Return to index: [Subject] [Thread] [Date] [Author]

RE: SEAINT Listservice "Virtual" Committ

[Subject Prev][Subject Next][Thread Prev][Thread Next]
Bill Polhemus wrote:

. > It is typical that, after a serious storm like a hurricane here on the 
. > gulf coast, local officials are pressured to revise building codes, 
. > "upping" the basic wind speed criteria (usually). I know for a fact that 
. > after Hurricane Fredrick struck Mobile, Alabama in 1978, the basic wind 
. > speed went from 90 mph to 120 mph per the local building official.

... and then they brought in the mobile homes to temporarily house the 
homeless.  (Did they ever take them away or did they wait for the next 
hurricane?)

. > However, these properties were typically designed using now-outmoded
. > criteria such as those contained in UBC 1976 or ANSI A58.1.

ANSI A58.1-1972 probably had the most realistic wind load requirements of 
any code or standard that I am aware of, but, boy, were they hard to use.  
IIRC it was not unusual to get 100+ psf uplift at corners, roof edges and 
discontinuities with that code.  Also, there were some problems with sign 
convention: positive wind loads were loads acting towards the building 
surfaces, therefore inward acting wind loads on the outside were positive, 
and internal pressures on the inside (acting outward) also were positive.  
(Suction pressures on the outside were negative, and internal pressures, 
acting outward were positive.)  ANSI A58.1-1982 was watered down considerably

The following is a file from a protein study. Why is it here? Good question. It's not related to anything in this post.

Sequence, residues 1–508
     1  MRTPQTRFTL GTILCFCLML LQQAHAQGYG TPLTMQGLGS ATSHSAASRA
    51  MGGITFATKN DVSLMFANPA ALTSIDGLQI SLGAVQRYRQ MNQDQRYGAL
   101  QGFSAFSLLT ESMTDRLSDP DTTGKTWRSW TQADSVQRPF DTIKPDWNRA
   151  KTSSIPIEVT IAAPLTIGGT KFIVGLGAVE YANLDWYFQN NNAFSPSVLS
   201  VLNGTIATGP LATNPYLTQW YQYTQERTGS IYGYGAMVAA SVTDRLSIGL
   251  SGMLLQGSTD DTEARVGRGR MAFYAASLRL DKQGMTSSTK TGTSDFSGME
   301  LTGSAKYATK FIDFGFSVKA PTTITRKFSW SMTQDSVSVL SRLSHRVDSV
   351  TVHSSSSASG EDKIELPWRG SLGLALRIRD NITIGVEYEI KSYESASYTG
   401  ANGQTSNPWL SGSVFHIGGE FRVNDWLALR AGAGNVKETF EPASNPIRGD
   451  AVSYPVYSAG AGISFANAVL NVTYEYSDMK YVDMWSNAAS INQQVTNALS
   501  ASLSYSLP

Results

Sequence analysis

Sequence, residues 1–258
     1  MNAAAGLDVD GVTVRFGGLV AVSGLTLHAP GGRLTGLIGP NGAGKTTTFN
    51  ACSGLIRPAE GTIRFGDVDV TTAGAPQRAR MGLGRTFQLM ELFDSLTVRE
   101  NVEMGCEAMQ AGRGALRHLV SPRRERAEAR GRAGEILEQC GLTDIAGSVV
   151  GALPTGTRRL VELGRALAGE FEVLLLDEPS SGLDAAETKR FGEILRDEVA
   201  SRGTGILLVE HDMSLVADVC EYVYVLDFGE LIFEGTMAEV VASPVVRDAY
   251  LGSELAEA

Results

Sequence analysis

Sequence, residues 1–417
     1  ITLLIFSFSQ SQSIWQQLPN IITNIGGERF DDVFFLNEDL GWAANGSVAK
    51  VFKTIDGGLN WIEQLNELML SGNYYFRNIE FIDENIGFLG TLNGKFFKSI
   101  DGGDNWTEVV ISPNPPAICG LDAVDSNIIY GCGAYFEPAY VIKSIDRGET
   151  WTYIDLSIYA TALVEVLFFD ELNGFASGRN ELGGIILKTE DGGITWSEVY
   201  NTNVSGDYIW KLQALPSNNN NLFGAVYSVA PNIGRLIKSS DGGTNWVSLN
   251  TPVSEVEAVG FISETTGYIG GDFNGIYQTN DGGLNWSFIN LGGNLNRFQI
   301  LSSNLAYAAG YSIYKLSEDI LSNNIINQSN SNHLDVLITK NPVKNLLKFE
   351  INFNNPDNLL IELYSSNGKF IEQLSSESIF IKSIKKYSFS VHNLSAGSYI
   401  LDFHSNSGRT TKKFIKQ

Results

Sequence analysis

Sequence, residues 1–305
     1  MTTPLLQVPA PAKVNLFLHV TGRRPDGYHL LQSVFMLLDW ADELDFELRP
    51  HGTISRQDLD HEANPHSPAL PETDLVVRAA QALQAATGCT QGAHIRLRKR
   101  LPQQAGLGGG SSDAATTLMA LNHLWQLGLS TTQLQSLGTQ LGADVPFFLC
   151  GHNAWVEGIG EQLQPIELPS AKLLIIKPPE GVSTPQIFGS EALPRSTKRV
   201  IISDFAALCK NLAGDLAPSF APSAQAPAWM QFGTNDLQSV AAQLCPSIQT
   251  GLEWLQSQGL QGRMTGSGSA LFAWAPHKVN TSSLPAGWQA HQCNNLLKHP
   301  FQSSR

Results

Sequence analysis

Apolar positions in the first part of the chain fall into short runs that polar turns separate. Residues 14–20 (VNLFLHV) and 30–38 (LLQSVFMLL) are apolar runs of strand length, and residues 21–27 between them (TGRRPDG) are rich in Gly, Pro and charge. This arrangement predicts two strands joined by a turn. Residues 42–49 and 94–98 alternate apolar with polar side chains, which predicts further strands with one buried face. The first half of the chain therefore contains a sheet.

and UBC 82 attempted to upgrade the UBC wind load requirements by adopting a 
"simplified" ANSI requirement in which the UBC combined the fastest mile wind 
coefficient and gust coefficient into one coefficient, thereby watering the 
code down even further.

The effect of discontinuities was hammered home to me when I was inspecting 
damage to a flat roofed, three story motel.  The roof structure was 
prestressed concrete plank, similar to Span-Deck, with rigid insulation hot 
mopped to the plank and built-up roofing hot mopped to the rigid insulation.  
The roof was constructed to be flat and to have occasional roofing expansion 
dams.  Later, security lighting was mounted on the edges of the roof and 
conduit laid on the roof surface connected a light on one side of the roof 
with a light on the opposite side of the roof.  On the lee side of the 
roofing expansion dams **and** on the lee side of the electrical conduit the 
roofing and rigid insulation was ripped away.  On the windward side, the 
roofing and rigid insulation was still in place, although damaged.

A. Roger Turk, P.E.(Structural)
Tucson, Arizona